You Never Know What to Expect

Planting seeds, divine appointments, and caribou. A person may never know what to expect when canvassing and proclaiming God’s Word.

Evangelism is far more about God and his promises than about ourselves. One of the greatest promises Christians can trust when proclaiming the gospel is that his Word works. Due to our human nature and the sinful world around us, personal evangelism is often scary and intimidating. Praise and Proclaim Ministries, a WELS-based gospel ministry, partners with WELS Board of Home Missions and established WELS/ELS congregations throughout the U.S. to provide training for members to verbally proclaim the gospel to lost souls.

To help conquer fears and provide a meaningful opportunity to put their training into action, members participating in an outreach initiative go out door-to-door to apply a simple methodology to verbally proclaim the gospel. When believers step out in faith to share their faith with others, God provides interesting stories.

At The Vine Lutheran Church, a new mission in Coeur d’Alene, Idaho, a group of members from St. Matthew in Spokane, WA received training and utilized canvassing as a method to introduce their new church in the community. The Lord provided “divine appointments” at the door when people expressed a sincere desire to learn more. One man told a participant, “Just this morning, I was praying that the Lord would send a WELS church to Coeur d’Alene. You are an answer to my prayer!” He and his wife were WELS members from Arizona who recently moved into the area. Now they are active participants in reaching the lost.

Portland Praise Canvassing Group

Three WELS congregations in Portland, Oregon meet every three months to go out and verbally plant the seeds of the gospel. After training, members were so excited and privileged to be God’s messengers that they decided to come together as one to hit the streets surrounding one congregation and bring as many people as possible to heaven through the power of the gospel. The growing group calls themselves “Portland Praise” and includes two established WELS congregations (Gethsemane/Tigard, Amazing Grace/Portland) and one mission congregation (Beautiful Savior/Hillsboro).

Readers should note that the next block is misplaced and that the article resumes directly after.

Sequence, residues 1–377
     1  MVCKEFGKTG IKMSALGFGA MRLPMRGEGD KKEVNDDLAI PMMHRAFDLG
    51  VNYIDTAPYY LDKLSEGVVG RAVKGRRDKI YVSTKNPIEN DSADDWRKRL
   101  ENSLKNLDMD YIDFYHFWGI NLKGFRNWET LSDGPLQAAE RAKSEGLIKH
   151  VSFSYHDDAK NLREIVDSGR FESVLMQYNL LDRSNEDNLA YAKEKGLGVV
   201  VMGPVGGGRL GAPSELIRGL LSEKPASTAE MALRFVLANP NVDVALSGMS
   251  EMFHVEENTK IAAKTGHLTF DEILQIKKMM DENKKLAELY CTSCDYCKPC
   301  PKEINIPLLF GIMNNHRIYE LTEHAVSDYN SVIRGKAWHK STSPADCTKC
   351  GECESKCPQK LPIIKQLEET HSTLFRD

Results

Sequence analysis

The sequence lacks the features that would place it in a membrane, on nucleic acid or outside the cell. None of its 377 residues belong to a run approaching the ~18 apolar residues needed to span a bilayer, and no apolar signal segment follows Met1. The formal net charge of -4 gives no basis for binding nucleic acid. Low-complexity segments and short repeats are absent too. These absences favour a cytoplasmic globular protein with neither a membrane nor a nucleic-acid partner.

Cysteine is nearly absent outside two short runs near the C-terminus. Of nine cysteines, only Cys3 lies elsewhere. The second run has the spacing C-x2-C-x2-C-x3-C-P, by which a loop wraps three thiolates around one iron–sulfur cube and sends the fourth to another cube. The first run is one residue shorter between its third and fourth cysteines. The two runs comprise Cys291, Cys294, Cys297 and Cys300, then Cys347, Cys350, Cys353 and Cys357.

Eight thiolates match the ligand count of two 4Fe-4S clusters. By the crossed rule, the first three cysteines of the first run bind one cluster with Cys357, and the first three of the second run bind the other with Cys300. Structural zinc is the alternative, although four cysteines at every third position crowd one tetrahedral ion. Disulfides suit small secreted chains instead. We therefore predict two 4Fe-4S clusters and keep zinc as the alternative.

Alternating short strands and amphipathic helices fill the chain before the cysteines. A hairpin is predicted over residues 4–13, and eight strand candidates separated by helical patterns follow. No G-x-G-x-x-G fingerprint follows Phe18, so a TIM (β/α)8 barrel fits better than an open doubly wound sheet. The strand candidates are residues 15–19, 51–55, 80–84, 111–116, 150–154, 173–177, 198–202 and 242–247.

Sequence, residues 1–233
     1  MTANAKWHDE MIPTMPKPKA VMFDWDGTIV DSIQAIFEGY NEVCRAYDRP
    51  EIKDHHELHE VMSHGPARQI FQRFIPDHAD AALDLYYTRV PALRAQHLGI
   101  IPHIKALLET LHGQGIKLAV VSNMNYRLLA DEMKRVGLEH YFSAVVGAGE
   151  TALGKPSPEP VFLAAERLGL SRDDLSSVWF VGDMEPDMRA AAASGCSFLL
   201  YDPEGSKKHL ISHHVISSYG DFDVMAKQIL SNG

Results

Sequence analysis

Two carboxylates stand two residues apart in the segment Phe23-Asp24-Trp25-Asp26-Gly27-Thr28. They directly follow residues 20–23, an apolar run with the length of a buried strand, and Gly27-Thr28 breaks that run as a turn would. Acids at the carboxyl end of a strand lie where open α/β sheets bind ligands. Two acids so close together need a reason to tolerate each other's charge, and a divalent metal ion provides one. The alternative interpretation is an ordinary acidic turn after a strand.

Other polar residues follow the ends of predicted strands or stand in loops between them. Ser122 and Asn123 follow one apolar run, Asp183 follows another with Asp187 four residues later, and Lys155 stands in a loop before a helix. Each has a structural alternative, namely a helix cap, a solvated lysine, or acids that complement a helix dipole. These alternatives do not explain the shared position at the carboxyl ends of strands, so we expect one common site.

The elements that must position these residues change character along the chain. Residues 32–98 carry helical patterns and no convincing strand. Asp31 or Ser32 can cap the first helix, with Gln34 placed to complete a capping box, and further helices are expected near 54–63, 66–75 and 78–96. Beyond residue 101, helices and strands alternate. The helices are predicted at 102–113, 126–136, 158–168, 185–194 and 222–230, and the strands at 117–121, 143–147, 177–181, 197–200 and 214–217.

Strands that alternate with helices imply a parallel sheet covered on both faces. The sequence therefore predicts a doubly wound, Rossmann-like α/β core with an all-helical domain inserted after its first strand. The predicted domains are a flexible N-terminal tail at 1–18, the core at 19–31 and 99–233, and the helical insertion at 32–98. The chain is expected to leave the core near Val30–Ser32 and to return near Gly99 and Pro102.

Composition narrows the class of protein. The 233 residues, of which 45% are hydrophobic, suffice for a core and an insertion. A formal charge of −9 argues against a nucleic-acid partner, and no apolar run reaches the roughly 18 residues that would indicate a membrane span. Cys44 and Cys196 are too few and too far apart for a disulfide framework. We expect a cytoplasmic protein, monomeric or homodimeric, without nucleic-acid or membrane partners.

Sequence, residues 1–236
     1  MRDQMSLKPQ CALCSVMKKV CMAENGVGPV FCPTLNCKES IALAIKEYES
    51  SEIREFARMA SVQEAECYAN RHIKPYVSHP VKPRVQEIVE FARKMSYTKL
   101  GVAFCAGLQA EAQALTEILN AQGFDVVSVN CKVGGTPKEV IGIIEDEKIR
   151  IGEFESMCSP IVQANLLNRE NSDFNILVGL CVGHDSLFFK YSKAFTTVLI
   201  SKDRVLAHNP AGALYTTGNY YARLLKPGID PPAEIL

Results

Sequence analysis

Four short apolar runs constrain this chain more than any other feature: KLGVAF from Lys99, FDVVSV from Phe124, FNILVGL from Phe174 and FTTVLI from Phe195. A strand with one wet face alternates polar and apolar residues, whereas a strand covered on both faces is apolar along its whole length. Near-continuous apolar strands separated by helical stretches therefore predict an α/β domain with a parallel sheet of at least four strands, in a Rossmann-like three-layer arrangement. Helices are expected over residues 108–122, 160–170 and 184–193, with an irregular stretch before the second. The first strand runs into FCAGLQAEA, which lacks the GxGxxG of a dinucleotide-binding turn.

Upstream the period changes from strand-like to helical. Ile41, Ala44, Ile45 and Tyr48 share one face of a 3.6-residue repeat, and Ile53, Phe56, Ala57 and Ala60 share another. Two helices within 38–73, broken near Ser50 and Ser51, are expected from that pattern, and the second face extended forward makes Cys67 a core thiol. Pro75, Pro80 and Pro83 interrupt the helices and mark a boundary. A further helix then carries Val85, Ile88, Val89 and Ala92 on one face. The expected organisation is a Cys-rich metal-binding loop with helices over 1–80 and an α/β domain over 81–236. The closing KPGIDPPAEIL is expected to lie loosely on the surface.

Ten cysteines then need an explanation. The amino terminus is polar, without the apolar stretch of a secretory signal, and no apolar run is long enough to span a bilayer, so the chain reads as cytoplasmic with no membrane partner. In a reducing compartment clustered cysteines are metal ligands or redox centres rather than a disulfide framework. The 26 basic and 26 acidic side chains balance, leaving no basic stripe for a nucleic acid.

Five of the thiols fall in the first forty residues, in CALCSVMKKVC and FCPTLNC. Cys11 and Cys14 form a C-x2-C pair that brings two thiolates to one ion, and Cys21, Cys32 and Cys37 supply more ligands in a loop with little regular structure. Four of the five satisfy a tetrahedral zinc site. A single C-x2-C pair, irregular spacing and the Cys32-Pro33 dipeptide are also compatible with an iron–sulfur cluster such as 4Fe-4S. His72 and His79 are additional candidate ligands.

Members at Grace Lutheran Church in Kenai, Alaska gathered to received training and immediately put it into action. While going door-to-door, a group encountered several caribou feeding on the summer grass. One caribou followed members for a few doors which made them a little nervous. Grace Lutheran regularly goes out canvassing to hand out little packets of coffee and batteries to replace smoke alarms during daylight savings time. They use these tools to engage people and provide a short gospel message.

Verbally proclaiming the gospel of Jesus Christ is scary; yet one of the greatest exercises of our faith is sharing our faith. When church members regularly gather together to verbally proclaim the gospel, it can have a transforming effect. God’s kingdom is advanced. Trust in God’s promises is strengthened. And there is profound joy in knowing they are being used by God in a powerful way. With training, WELS members are breaking the thin ice of fear and boldly proclaiming the gospel with their friends and neighbors, plus assisting their pastor in making follow-up visits.

To learn more about Praise & Proclaim Ministries, visit their website at

Written By: Dave Malnes, Praise & Proclaim Ministries


Building Up the Body of Christ

While it is rewarding to write about victory stories of a new member’s confirmation or a prospect’s baptism, I would like to share with you a recent little moment in our mission that gives me even greater joy seeing God’s people at work.

For the last few months, a Chinese woman named Tina has been coming to a conversational English class we have every Friday morning. And every Friday at this class we invite Tina, and all who come, to study the Bible further with us or come to Sunday worship.

Tina and her daughter Crystal

Tina finally came.